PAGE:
Japan Aerospace Exploration Agency JAXA Sitemap

TOP > Report & Column > Special Feature > HAYABUSUA:Research in the Asteroid 'Sample & Return' Explorer, "HAYABUSA"

Special Feature

Research in the Asteroid 'Sample & Return' Explorer, "Hayabusa"  Junichiro Kawaguchi, Space System Engineering, ISAS
| 1 | 2 | 3 |

The Space System Engineering Section, which I work in, is engaged in flight analysis and planning of exploration and flying vehicles using navigation, guidance, and control strategies backed by the orbital/attitude motion (astrodynamics) and automatic control theories. Looking back, the motivation that influenced my current research field was mainly attributed to the accomplishments of NASA's Mars explorers, Viking-1 and 2, in 1975 and 1976 when I was at university. Since then, the terms "automatic control" and "orbit correction", which recently are more commonly used, have had a decisive influence on directing my research career. In relation to these words, I would like to introduce these two aspects of the astrodynamics research applied to the actual "HAYABUSA" project.

Figure 3 Current flight plan of "HAYABUSA" (in Sun-Earth line fixed coordinate)

The first case is an application of orbital optimization. Concerning the flight plan of "HAYABUSA," we are frequently asked why we use the earth swingby (see Fig. 3). Launch of "HAYABUSA" was delayed due to the M-V Rocket problem found in the previous launch. We were compelled to change the asteroid target for the exploration, but the spacecraft, including the fuel tank, had already been designed and built as well as the mission having originally been planned to use the maximum capability of the M-V vehicle. Therefore, the flight to other possible asteroids begged the problems that the vehicle capability would be insufficient or the spacecraft weight would be too heavy. Fortunately, the propellant tank of the ion engine system had a little margin so that we had a sole measure to augment and compensate for the vehicle transportation capability. The ion engine is a propulsion system to get thrust from the reaction force of very high-speed exhaust gas, and it features its very high fuel-to-speed-up efficiency. On the other hand, the thrust is very small and difficult to use for the launch phase that requires impulsive acceleration in a short period against the gravity. Once the spacecraft is put into an interplanetary space, there is naturally no need to worry about "dropping to the ground," owing to the gravity and it is possible to obtain sufficient speed-up (acceleration) with steady-but-slow manipulation such as only one steering operation for the thrust direction per day. The actual departure of "HAYABUSA" from Earth bound for the asteroid will be May 2004. "HAYABUSA" therefore has one year from its launch in May 2003 until May 2004 to be accelerated in interplanetary space in order to compensate for the insufficient launcher capability. It may be difficult to understand intuitively, but the efficient method for accelerating the explorer in interplanetary space is to combine the ion engine's' acceleration with the Earth swingby. According to calculations, we can ideally obtain twice the acceleration amount achieved by the ion engines in interplanetary space by combining the swingby. For "HAYABUSA," due to the reasons such as limited thrust, its efficiency is a little low at around 1.3. Converting this value to the spacecraft mass, it becomes 25 to 30 kg. This means that we can save the chemical propellant mass taking up equivalently 5 to 6% of the total mass of the spacecraft . The orbital motion is the simplest case of nonlinear dynamics. This means that the result of combining the original velocity at launch with the acceleration amount from the ion engines in interplanetary space is not simply the sum of them together, but provides a surplus. This technology is very efficient, and it is the trump card that enables drastically improving the small launcher's capability without increasing its own capability. This technology can apply widely for future missions requiring high-energy launches or planetary explorations where encounter points are very far away such as outer planets or comets.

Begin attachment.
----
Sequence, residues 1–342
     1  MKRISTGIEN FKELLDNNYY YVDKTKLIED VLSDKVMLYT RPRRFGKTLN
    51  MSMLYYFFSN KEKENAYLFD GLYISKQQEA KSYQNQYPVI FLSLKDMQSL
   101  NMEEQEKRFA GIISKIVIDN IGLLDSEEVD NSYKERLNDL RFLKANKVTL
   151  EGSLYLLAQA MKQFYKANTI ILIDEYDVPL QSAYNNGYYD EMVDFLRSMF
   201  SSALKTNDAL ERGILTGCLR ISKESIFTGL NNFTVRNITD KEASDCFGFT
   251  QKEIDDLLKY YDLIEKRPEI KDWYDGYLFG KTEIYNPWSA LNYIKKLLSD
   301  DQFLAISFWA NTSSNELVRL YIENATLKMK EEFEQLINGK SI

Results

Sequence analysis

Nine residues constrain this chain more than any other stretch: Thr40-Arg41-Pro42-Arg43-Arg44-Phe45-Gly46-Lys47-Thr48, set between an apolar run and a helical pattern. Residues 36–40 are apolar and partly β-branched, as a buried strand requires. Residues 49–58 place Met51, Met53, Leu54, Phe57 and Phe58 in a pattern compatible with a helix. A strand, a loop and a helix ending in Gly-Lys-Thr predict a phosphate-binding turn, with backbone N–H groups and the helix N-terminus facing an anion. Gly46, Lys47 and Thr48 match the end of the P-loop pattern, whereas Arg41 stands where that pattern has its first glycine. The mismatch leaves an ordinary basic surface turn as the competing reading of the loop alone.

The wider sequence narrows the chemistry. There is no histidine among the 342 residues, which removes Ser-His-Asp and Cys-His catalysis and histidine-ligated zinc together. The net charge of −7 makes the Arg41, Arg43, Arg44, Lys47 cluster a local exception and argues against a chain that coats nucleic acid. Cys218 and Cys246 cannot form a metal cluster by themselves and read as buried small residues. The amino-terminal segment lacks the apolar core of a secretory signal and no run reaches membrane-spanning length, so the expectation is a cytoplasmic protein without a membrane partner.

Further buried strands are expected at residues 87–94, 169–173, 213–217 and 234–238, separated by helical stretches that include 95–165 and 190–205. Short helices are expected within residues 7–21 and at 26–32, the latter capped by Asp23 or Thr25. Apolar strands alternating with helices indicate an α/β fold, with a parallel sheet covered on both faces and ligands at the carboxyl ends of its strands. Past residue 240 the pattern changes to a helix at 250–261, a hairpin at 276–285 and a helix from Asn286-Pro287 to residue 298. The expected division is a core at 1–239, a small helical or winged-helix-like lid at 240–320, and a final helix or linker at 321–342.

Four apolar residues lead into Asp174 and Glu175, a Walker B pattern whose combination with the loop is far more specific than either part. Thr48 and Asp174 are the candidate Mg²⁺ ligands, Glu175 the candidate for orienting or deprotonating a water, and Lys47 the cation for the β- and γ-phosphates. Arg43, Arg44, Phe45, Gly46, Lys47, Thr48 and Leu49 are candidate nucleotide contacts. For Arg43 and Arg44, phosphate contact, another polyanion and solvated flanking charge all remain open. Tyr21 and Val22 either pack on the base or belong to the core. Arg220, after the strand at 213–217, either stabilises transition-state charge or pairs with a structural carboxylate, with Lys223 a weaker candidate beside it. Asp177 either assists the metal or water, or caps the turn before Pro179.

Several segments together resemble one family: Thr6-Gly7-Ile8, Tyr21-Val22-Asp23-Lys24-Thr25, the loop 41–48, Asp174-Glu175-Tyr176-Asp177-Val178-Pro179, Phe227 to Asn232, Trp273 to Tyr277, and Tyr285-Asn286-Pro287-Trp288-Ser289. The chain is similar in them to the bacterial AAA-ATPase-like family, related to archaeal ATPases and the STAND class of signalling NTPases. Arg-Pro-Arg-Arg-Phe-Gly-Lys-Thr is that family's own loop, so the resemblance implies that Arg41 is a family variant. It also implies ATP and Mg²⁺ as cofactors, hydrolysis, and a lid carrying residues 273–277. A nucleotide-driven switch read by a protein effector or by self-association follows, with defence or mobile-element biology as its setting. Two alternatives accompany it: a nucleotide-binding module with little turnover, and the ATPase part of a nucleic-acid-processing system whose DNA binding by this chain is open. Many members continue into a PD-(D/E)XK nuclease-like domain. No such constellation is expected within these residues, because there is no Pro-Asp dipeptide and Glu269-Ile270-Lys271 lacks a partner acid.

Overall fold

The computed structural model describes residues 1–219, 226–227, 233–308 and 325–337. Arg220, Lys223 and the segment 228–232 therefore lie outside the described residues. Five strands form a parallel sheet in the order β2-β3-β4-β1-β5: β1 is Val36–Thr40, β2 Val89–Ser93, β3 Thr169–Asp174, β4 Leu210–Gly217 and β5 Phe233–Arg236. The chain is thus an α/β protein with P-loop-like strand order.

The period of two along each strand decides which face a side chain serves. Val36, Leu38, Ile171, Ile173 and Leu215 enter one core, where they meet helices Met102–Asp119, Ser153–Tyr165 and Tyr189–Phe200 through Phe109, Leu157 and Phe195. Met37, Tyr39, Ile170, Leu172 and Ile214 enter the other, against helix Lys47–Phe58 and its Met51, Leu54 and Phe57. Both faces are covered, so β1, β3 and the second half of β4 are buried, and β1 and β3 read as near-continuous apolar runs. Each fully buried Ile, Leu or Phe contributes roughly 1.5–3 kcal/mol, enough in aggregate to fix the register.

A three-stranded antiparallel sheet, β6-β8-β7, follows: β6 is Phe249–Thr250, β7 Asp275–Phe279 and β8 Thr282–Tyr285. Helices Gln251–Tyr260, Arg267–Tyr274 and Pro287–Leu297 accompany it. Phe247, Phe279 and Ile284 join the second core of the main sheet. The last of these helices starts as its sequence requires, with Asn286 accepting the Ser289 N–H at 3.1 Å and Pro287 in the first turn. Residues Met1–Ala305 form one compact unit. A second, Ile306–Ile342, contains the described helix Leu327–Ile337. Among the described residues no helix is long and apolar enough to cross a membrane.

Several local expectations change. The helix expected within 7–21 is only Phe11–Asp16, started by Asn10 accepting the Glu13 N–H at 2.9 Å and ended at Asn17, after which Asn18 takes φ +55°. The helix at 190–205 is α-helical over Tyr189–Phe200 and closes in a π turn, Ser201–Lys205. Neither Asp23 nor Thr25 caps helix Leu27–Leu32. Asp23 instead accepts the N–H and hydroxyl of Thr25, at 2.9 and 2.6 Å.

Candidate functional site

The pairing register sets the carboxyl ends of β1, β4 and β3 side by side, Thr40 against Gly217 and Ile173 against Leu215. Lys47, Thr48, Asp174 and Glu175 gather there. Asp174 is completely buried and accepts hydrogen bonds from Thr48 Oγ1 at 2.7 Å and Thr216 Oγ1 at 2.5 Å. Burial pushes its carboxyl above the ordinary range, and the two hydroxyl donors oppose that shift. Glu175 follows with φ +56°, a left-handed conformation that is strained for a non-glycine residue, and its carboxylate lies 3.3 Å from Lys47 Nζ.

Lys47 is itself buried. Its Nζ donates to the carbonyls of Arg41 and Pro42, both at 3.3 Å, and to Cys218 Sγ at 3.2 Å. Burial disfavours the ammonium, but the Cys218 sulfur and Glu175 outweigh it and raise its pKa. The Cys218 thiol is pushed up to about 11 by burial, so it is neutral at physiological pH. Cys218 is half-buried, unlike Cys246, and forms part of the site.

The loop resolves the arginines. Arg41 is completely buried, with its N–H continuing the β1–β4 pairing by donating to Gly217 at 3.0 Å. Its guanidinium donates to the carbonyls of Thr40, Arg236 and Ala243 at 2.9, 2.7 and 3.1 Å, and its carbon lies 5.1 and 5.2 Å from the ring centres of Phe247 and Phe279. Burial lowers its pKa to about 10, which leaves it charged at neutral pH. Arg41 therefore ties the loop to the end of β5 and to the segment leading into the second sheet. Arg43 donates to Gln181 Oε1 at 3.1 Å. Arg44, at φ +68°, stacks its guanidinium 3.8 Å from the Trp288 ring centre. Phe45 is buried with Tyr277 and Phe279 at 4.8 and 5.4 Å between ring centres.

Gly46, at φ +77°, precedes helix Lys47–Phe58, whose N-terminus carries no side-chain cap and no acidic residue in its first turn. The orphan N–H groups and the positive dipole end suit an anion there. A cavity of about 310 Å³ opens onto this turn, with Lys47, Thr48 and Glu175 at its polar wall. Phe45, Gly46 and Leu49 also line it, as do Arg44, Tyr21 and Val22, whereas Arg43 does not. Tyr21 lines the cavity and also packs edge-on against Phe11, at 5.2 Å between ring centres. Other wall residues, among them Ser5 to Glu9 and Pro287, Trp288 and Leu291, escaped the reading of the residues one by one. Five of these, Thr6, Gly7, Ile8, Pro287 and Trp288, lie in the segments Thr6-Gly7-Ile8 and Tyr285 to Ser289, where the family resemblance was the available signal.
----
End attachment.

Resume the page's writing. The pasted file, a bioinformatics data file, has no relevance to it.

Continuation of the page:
| 1 | 2 | 3 |